The materials industry is going through one of its biggest disruptions ever with energy, commodities, and agriculture all facing disruptive threats from new technologies and/or foreign producers. In just the last 18 months, we've seen growth industries become poor performers (think energy). The moral of the story? Investors have to be careful about where to invest. Plain and simple.
As we head into 2016, those threats present some major challenges for the three companies below.
United States Steel Corporation
2015 wasn't a good year for United States Steel Corporation (X 1.50%), but what's going to make 2016 any better?
The problem last year was that Chinese steel companies were selling product in the U.S. at low prices, resulting in companies like U.S. Steel accusing China of dumping product in the U.S. They've also filed three sets of trade cases with the Department of Commerce; one, steel producers have already won on some corrosive-resistant steel, although that largely came in lower than analysts expected. Two more are still pending.
The problem is, steel producers are looking for tariffs to save their businesses, but the fundamentals don't look very strong. Debt was $3.5 billion at the end of the third quarter, and the company lost $173 million for that three-month stretch. A lot of improvement is needed for U.S. Steel to add value to shareholders long term, and I wouldn't bet on a recovery now.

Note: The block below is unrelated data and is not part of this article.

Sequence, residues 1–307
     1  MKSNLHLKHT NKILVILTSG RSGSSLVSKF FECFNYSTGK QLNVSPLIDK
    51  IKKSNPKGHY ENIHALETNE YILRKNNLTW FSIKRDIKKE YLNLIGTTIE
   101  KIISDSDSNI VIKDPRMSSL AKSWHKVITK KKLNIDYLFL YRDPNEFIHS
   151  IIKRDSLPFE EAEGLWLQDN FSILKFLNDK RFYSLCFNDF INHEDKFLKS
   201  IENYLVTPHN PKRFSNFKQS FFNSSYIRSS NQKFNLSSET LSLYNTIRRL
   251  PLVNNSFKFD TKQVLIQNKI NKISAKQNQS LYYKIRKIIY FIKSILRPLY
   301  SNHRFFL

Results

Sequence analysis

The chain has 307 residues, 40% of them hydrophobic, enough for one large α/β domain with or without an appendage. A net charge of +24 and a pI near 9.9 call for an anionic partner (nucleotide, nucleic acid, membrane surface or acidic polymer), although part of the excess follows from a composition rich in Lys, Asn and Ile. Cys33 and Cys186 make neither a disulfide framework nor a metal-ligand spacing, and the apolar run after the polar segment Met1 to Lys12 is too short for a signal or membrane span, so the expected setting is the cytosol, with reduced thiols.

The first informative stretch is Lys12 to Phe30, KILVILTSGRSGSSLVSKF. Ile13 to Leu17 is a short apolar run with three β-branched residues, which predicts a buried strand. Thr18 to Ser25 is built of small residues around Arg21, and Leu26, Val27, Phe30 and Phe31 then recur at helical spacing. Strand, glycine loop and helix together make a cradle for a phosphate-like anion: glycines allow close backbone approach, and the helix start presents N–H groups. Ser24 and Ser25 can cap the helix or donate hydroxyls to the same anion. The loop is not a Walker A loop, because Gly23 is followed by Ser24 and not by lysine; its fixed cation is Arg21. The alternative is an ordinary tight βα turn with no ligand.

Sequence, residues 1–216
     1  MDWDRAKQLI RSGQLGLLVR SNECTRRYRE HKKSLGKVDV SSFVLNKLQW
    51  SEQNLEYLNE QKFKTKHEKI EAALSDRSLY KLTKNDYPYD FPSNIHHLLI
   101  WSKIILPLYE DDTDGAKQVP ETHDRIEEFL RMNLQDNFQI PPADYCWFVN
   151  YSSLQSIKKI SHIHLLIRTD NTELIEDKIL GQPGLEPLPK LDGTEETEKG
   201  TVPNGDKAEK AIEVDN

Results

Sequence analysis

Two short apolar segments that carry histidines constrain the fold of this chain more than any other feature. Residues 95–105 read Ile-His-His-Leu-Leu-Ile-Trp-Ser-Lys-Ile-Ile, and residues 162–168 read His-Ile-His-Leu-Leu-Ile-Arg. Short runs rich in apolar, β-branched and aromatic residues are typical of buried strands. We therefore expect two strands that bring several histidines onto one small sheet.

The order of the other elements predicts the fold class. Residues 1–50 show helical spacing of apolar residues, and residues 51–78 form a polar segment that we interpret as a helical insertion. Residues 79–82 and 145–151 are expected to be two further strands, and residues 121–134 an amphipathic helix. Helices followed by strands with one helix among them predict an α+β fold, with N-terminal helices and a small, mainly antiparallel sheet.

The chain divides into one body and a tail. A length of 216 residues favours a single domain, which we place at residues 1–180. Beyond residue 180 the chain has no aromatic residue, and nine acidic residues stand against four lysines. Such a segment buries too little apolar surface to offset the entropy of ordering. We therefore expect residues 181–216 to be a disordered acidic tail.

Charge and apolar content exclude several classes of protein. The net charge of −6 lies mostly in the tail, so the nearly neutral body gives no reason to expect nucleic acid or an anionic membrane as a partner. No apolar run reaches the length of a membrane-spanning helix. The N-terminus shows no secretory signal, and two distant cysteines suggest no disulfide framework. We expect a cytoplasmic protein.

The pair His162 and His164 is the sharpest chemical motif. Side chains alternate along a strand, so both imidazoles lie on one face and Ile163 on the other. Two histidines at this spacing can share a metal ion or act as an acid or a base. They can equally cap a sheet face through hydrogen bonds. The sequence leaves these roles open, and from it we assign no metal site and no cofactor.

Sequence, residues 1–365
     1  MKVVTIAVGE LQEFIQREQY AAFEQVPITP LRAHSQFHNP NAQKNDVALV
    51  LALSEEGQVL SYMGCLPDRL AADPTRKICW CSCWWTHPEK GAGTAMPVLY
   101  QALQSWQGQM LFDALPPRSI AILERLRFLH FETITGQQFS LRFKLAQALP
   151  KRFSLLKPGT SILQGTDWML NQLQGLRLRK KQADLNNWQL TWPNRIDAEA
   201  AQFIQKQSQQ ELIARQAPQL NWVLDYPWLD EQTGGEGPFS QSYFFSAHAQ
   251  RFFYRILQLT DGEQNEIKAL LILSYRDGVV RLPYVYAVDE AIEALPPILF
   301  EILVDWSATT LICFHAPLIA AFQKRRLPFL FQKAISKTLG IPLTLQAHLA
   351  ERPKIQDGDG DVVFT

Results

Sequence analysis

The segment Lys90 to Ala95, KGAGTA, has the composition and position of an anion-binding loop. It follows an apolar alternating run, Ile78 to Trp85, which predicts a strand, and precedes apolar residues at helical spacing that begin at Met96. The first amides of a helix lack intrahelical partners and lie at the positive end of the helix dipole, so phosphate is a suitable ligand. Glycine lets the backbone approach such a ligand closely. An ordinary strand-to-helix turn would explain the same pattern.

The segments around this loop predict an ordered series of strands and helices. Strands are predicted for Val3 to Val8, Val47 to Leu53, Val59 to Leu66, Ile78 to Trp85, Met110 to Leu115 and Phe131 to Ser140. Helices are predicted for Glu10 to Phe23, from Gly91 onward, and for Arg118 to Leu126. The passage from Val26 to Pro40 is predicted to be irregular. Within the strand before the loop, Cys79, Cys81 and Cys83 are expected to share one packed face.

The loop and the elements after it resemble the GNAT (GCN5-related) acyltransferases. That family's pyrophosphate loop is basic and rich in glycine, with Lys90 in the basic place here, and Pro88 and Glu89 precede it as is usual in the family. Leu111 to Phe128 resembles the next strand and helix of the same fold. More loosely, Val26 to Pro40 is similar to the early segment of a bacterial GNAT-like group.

Personal views aside, consumers aren't fond of genetically engineered crops right now, and that's not good for Monsanto Company (MON). You can see below that revenue and earnings have started to drop since mid-2014, and I'm afraid the trend will continue in 2016.
The challenge for Monsanto isn't proving that its products have value. It does that with higher yields than competitors. The challenge is proving to consumers that genetically engineered products are safe, and no matter what the science says, that's an uphill battle right now.
With shares trading at over 20 times earnings and revenue declining, I don't think Monsanto is in for a good 2016. It'll take a long time to change public sentiment about genetic engineering, and for now, Monsanto is on the wrong side of public affection.
A company playing the line between materials and energy is CARBO Ceramics (CRR). The company makes ceramic proppants used in the oil industry to frack oil wells and extract oil.
CARBO Ceramics had a bad 2015, falling 57%, but I think that's just the beginning. Companies who are fracking in the U.S. have only recently stopped expanding production and are putting more and more pressure on suppliers to lower costs. You can see that the result was less revenue in the last 12 months than any time in the last five years, plus a $59 million loss.
But the decline in U.S. oil fracking has just begun. 2015 saw many oil producers rely on hedges to survive and even drive increased output, but 2016 is beginning with oil near $35 per barrel, which isn't anywhere close to economical for drilling new wells. When you combine the lower levels of drilling with the price pressure customers will have, it looks like CARBO Ceramics in an even tougher position now than it was a year ago.
There's very little upside for CARBO Ceramics, and I don't think the market fully appreciates how bad conditions in fracking are going to get in 2016. That's why this is a materials stock I would stay far away from.